NEW YORK (GenomeWeb News) – The European Society of Human Genetics has issued a draft version of proposed recommendations for regulating and managing genetic testing and will be accepting public comments about its proposals until the beginning of July.
While some of the expectations raised by the arrival of the genomics era have yet to be realized, new studies about genes and their interaction with the environment offer promise for medicine, ESHG said.
The proposals were developed over three meetings over the past two years by ESHG's Public and Professional Policy Committee, by the EU-funded Network of Excellence Eurogentest, and by the Institute for Prospective Technological Studies.
Currently in Europe the regulatory framework does not cover an independent evaluation for genetic tests before they are marketed, and the general public has access to genetic susceptibility tests that are offered on the internet, according to ESHG. The society also is responding to varying definitions for genetic susceptibility testing and screening, and to new discoveries of genetic variants.
In the draft, ESHG proposed establishing an internationally recognized regulation for reviewing genetic tests, including those for common disorders, before they go to market, and the development of a post-marketing procedure for evaluating the tests.
The aim of a pre-market review would be to ensure truthful labeling and promotion of in vtiro diagnostic services, which currently are categorized as low-risk products that are not subject to independent evaluation.
In the European Union, ESHG said, various stakeholders should conduct an effort to harmonize regulations of gene tests, screening, and susceptibility screening. Harmonization, however, could involve development of professional protocols, standards for referral, and codes that could be used in health care practices.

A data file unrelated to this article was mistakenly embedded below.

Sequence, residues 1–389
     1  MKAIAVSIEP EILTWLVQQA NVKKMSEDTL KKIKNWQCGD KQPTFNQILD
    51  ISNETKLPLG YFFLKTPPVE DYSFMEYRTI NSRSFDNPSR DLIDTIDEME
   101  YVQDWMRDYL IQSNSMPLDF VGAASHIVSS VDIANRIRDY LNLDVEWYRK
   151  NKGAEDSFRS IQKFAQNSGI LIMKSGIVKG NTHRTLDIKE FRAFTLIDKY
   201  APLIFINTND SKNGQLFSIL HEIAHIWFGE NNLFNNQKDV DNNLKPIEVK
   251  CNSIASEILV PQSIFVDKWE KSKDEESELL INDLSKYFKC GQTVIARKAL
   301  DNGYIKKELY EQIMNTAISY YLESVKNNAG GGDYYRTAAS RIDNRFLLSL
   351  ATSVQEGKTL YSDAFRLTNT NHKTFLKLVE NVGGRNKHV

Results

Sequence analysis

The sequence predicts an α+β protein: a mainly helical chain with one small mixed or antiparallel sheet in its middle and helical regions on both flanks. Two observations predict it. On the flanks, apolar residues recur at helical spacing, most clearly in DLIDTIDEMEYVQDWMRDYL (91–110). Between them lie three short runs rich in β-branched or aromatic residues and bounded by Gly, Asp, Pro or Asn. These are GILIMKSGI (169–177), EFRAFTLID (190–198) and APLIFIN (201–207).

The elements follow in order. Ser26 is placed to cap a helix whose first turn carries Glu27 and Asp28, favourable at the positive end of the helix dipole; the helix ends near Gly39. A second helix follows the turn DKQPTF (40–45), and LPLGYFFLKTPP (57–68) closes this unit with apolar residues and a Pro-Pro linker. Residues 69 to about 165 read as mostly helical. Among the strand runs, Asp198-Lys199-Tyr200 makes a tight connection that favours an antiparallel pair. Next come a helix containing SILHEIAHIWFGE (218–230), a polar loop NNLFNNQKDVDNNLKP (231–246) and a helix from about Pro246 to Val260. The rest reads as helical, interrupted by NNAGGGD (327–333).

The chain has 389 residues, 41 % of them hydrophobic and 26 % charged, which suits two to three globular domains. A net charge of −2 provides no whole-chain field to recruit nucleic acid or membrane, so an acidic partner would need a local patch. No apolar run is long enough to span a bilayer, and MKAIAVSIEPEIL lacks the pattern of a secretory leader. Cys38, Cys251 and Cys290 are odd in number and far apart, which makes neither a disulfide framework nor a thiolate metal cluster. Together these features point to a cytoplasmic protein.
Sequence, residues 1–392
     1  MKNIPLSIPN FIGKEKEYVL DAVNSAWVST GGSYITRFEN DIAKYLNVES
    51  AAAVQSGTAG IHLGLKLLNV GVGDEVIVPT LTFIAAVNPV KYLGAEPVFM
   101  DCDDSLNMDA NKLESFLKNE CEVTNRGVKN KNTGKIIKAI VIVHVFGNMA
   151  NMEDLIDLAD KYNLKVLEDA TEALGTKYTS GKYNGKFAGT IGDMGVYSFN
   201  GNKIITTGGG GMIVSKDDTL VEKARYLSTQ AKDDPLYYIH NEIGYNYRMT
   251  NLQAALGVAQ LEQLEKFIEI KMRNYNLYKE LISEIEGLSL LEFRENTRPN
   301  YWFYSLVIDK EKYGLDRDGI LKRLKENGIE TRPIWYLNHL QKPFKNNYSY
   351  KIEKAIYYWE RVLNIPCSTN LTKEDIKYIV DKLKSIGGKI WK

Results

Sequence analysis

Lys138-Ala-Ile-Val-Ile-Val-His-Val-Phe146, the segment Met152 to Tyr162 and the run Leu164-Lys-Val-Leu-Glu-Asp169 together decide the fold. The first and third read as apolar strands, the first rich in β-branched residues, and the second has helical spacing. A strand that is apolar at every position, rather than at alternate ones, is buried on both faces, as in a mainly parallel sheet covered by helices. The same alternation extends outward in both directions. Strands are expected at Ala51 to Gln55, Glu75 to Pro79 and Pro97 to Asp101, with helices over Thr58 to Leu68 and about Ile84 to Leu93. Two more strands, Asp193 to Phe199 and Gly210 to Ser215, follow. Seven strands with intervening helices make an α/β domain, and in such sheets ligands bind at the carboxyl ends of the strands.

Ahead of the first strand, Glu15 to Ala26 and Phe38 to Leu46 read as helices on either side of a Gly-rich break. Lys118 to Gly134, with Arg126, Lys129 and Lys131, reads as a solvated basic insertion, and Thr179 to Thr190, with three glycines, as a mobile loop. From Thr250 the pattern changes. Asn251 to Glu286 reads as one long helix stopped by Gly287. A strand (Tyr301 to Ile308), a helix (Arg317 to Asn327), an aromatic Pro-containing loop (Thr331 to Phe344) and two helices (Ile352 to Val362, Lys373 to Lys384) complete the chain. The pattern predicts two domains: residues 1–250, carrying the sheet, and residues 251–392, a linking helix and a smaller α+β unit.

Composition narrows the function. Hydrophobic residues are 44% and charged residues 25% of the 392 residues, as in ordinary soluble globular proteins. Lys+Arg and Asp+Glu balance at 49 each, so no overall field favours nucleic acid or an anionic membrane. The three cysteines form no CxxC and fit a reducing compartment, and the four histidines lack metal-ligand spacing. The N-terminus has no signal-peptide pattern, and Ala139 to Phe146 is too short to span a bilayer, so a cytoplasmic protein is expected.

The society recommended stakeholders work together to develop and fund a pre-market assessment along the lines of the European Diagnostic Manufacturers Association, which could bring industry together and work with regulators to draft new guidelines.
ESHG also recommends that governments continue to implement laws against discrimination based on genetic information, such as the US' Genetic Information Nondiscrimination Act, which would make sure that employers and health insurers use genetic information in responsible and ethical ways.
Action also should be taken, ESHG advised, to get stakeholders in industry, healthcare, and in patient and professional organizations to weigh the costs and benefits of issuing patents for genetic information.
Multidisciplinary teams should be formed between geneticists and other professionals to create cooperation in healthcare, and genetic resource centers and knowledge transfer centers should be created to help prepare healthcare providers for the arrival of genetics-based medical practices.
There also is a need for counseling for those taking susceptibility tests for diseases, particularly for genetic tests that detect high relative risk for serious conditions, ESHG said.
The group also said that healthcare professionals need to increase their literacy of genetics in order to assess genetic tests and genetic susceptibility tests and to respond to questions from patients.
Likewise, more information about genetic susceptibility testing should be disseminated among the general public using methods such as national or international websites that offer independent information about these tests, and about their benefits and drawbacks.